A striking double portrait of a man and a woman, Doppelbild (Sie seltsames Licht) is one of a number of richly coloured, enigmatic representations of figures that Emil Nolde painted in 1918. The head of a man is partially covered by the outwardly gazing face of the woman. Although the couple’s close physical proximity to one another suggests an intimacy or familiarity, the nature of the relationship between the pair is, like their impenetrable stares, ambiguous. Painted with yellow and ochre tones against a luminous turquoise background, the faces of the figures in Doppelbild (Sie seltsames Licht) are rendered with a simplicity and directness, imbued with a mask-like expression. The highlighted areas of dappled yellow on the woman’s face appear to reflect the ‘strange light’ that Nolde has referenced in the title of the painting.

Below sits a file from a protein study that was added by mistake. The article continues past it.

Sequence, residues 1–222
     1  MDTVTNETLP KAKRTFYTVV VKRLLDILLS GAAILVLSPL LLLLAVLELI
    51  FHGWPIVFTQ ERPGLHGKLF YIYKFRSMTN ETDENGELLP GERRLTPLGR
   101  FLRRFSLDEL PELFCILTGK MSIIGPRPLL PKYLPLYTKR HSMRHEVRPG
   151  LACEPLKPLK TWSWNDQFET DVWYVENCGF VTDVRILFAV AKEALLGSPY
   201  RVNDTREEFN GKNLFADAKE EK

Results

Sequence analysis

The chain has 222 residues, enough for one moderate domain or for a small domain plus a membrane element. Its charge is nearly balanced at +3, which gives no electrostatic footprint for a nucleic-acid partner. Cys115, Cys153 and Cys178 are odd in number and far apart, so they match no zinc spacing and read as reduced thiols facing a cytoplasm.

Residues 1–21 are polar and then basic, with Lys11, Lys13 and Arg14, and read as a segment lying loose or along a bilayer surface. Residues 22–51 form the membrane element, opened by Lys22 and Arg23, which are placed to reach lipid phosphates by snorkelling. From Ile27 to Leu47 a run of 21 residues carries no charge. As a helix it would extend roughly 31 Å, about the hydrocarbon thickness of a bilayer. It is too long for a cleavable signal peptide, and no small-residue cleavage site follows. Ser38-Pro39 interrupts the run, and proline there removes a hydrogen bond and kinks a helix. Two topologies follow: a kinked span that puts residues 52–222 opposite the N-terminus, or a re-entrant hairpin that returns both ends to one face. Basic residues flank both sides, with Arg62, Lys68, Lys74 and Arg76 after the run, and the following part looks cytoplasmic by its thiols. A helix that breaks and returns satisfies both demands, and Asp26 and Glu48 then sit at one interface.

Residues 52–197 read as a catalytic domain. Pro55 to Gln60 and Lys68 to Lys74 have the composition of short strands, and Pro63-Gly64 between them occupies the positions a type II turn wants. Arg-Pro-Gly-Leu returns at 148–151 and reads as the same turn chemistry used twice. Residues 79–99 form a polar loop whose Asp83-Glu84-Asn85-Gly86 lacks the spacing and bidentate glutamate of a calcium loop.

In Doppelbild (Sie seltsames Licht), the closely cropped composition emphasises the facial features and expression of the two figures. The distinctive physiognomy of both the man and the woman – the large, almond shaped eyes and jet-black hair of the woman, and the long, angular, bearded face of the man – demonstrates Nolde’s life-long interest in indigenous identity. The artist had undertaken an extensive yearlong expedition to the South Pacific in 1913. Travelling with his wife, Ada, Nolde journeyed through Siberia and Russia, China, Japan and the Philippines, before arriving at their destination, New Guinea. Exposed to an overwhelming array of cultures and people, Nolde was fascinated by the often striking shared facial characteristics of different ethnic groups and this remained a central theme of his portraiture long after he had returned from this inspirational year of travel. In Doppelbild (Sie seltsames Licht), the physiognomic differences between the man and the woman, which are emphasised through their overlapping poses, also reveal Nolde’s interest in the fundamental dualities of life which he sought to incorporate into his art; ‘Duality always had a generous place in my paintings’, Nolde wrote, ‘Together or opposed: man and woman, pleasure and suffering, deity and devil.’ (E. Nolde, quoted in B. Reinhardt, Emil Nolde: Portraits, exh. cat., Ulm, 2005, p. 76).